"The problem is that not absolutely everyone in the government is guaranteed to be on our side," said Woolsey. "Once you get into the network, you have pretty much free access. So you haven't really solved the problem."
Instead, said Woolsey, "You have created something in which there is a huge premium for Iraqi intelligence or Osama bin Laden to find some American who is willing to help him and be a clever hacker."
GovNet would be one of possibly a series of virtual private networks that could insulate critical national services, such as those provided by the Federal Aviation Administration and the finance industry, from hackers and distributed denial-of-service attacks. Private-sector recommendations on GovNet are due Nov. 21, and the government plans to post an analysis of the recommendations and a timeline for moving forward by the end of January.
Woolsey said the GovNet concept doesn't take into account the high level of sophistication of state-sponsored terrorists and hackers who are likely capable of breaking through most of today's perimeter network security protections. "Relying on a filter that tries to distinguish bad code from good code over the long run is a mug's game," said Woolsey. "The smarter the hacker, the easier it's going to be for him to make bad code look like good code."
QuestionsBased on your stellar performance in CS588, you have been hired to as chief architect to design a secure network for government agencies known as GovNet.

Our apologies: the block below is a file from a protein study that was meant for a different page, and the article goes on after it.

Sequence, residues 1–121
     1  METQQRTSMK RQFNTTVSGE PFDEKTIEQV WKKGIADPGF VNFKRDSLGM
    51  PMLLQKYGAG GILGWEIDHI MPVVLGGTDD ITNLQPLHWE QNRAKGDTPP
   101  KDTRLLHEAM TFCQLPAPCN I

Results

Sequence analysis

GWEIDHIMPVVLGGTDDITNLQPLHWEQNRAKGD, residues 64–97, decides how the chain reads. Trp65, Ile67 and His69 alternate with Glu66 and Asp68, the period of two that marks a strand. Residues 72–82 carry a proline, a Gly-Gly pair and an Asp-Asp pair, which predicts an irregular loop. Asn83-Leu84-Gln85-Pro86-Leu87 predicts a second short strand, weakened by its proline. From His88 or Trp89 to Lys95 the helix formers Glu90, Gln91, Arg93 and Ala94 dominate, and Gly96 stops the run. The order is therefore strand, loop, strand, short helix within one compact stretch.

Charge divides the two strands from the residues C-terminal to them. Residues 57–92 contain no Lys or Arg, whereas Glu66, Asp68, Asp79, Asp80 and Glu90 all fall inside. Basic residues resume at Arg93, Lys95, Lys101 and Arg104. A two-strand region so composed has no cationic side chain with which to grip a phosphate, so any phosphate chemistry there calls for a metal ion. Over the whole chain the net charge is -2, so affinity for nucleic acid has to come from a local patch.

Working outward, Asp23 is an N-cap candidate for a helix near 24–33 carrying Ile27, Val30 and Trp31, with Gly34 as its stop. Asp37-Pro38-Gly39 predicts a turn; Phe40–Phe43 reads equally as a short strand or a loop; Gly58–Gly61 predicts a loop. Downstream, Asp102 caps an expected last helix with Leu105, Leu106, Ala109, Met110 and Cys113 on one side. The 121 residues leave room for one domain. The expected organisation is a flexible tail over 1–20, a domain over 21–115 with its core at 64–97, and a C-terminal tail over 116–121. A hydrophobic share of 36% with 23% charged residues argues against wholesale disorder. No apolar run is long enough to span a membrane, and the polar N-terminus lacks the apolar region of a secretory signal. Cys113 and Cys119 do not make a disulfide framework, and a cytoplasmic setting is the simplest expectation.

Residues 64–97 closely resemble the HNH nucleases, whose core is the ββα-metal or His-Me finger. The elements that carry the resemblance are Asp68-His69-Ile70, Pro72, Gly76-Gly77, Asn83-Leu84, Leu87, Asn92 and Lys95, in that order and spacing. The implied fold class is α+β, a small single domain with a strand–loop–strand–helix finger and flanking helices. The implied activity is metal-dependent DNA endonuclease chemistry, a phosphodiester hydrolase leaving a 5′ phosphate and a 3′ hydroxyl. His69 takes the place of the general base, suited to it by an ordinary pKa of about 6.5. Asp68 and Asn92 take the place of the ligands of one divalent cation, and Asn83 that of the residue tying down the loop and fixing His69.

The best cryptography experts at the NSA have recommended the following primitives:
Note that you do not need to use all of these in your design. You may use other primitives, but these are the only ones the NSA has recommended. If you use anything else, you must prove (or at least argue strongly!) that it is secure.
- AES, a symmetric cipher. AES can be used securely with a 128-bit key and 128-bit block size. AES is efficient.
- RSA, a public-key cipher. RSA can be used securely with 2048-bit primes. RSA is slow.
- SHA, a cryptographic hash function. SHA produces a 160-bit digest.
- Tiny, a cryptographic pseudo-random number generator.
Consider the simple GovNet:
1. Router-Router Communication (25)
The NSA is worried about foreign governments tapping into the communication channels used by GovNet and recommends that all network transmissions be encrypted using AES (Rijndael). End users cannot be trusted to securely encrypt their transmissions, so encryption must be done by the routers before sending a message over a link.